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Defence budget 2014: Heavy weights still in the rack

Defence budget 2014: Heavy weights still in the rack

A favourite analogy of the Australian Treasurer is that the budget he delivered yesterday 'does the heavy lifting'. But like all weights regimes, we're first in for some visualisation and warm ups. 

The Treasurer's speech hit the right note by outlining the goal, with the Government recommitting  to spending 2% of GDP on defence within a decade. It's not quite clear when the Government intends to develop this muscle: did the clock start in 2013 when the Government was elected, in 2014 with this budget, or in 2015 with the new Defence White Paper?

We won't know until next year, with the promise that the White Paper 'will also set out how the Government will increase defence spending to two per cent of GDP'. Ideally the Government can also show that this is not some arbitrary target, but a necessary path to real strength. Still, setting clear goals is the start of a good regime.

After visualisation and verbalisation we got a dose of warmups. The Government has brought forward $1.5 billion from 2017-18, with about a $500 million increase this year. This is a welcome start after the cuts from 2009 to 2013, but it's not exactly a sign of strength. There is also the removal of 1200 civilian roles, hopes for $1.2 billion in savings via 'various initiatives to increase efficiency and reduce spending in lower priority areas' (to be re-invested in Defence) and a less generous superannuation scheme.

Counter-intuitively for a conservative government, the area where we saw the biggest desire to improve Australia's security was in the non-traditional sphere (let's call this the cardio package). While already announced, we saw the commitment to a large new agency, the Australian Border Force, to combine customs, immigration, and borders (this government seems to treat 'borders' as a good in and of itself). [fold]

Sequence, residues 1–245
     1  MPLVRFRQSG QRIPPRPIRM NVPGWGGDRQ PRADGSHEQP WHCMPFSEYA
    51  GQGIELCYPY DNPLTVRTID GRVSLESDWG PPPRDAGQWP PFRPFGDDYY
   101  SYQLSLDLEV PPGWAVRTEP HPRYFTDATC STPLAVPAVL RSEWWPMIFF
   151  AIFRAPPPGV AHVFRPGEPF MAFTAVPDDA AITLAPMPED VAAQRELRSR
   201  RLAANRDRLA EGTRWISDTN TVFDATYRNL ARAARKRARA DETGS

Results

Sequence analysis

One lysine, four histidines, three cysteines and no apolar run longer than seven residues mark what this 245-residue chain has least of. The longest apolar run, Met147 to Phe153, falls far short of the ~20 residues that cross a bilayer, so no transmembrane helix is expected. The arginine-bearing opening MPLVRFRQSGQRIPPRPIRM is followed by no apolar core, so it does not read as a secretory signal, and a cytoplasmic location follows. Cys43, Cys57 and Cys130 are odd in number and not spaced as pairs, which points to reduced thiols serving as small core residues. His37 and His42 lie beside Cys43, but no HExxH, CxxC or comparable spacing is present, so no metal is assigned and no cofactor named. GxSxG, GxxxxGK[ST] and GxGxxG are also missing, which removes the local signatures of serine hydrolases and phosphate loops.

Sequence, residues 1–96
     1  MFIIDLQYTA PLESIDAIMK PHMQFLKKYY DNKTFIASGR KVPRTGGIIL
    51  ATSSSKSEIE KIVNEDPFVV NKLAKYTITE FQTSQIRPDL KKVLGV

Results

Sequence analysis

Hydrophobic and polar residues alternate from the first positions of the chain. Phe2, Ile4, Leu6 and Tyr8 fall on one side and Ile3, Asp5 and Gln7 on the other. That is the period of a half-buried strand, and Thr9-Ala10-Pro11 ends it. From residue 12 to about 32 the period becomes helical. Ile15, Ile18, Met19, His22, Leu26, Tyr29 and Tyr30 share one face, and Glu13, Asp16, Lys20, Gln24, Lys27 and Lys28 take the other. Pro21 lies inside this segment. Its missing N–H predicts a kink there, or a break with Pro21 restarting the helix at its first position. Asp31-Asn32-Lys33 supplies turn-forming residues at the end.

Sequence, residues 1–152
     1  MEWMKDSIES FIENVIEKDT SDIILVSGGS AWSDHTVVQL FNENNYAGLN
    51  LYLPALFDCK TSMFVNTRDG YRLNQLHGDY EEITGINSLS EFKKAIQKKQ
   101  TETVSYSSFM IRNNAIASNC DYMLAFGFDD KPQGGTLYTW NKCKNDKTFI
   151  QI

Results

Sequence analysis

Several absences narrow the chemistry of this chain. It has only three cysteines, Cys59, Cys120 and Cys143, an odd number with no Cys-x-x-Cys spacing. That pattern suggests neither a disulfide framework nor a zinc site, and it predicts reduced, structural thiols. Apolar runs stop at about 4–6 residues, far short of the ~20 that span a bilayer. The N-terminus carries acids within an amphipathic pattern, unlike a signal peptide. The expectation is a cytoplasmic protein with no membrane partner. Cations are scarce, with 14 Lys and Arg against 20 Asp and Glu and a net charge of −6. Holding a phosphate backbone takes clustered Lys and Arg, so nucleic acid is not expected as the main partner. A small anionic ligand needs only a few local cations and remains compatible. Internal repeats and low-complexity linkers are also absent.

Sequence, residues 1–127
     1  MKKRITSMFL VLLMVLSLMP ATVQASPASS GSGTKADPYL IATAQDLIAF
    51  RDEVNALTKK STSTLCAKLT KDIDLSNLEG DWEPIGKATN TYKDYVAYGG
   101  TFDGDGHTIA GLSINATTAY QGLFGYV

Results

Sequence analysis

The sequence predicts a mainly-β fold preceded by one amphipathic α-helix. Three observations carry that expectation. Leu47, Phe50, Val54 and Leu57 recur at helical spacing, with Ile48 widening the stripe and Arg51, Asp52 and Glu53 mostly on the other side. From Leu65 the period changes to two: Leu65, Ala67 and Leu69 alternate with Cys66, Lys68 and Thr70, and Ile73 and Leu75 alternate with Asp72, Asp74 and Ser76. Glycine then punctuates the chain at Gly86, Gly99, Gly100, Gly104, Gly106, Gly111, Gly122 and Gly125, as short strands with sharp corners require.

There was also $86.8 million to Indonesia to help deal with asylum seekers on their shores and $6.4 million for a 'dedicated position in Sri Lanka, the continuation of the Ambassador for People Smuggling Issues and annual Bali Process meetings at Ministerial and senior official levels'. All welcome steps for a government which took office decrying the worth of regional cooperation to deal with irregular migration. 

So as the Treasurer grabs a Gatorade and towels down, what level of effort should be recorded? The government turned up, wrote down its goals and conducted a vigorous warm up. But as everyone who has begun a gym program knows, the first session is easy. The resulting pain even seems pleasant, serving as proof of your new commitment. But it is going back on a regular basis to lift ever heavier weights that will be the challenge. 

Yet just that is what is required for defence funding to hit 2% of GDP. If that is to remain our target, then this is the beginning of a decade's worth of prioritising defence over many other popular issues, regardless of electoral pressures. This budget begins that task, but for the moment the really heavy weights are still in the rack, waiting to be hoisted. 

Photo by Flickr user jerryonlife.

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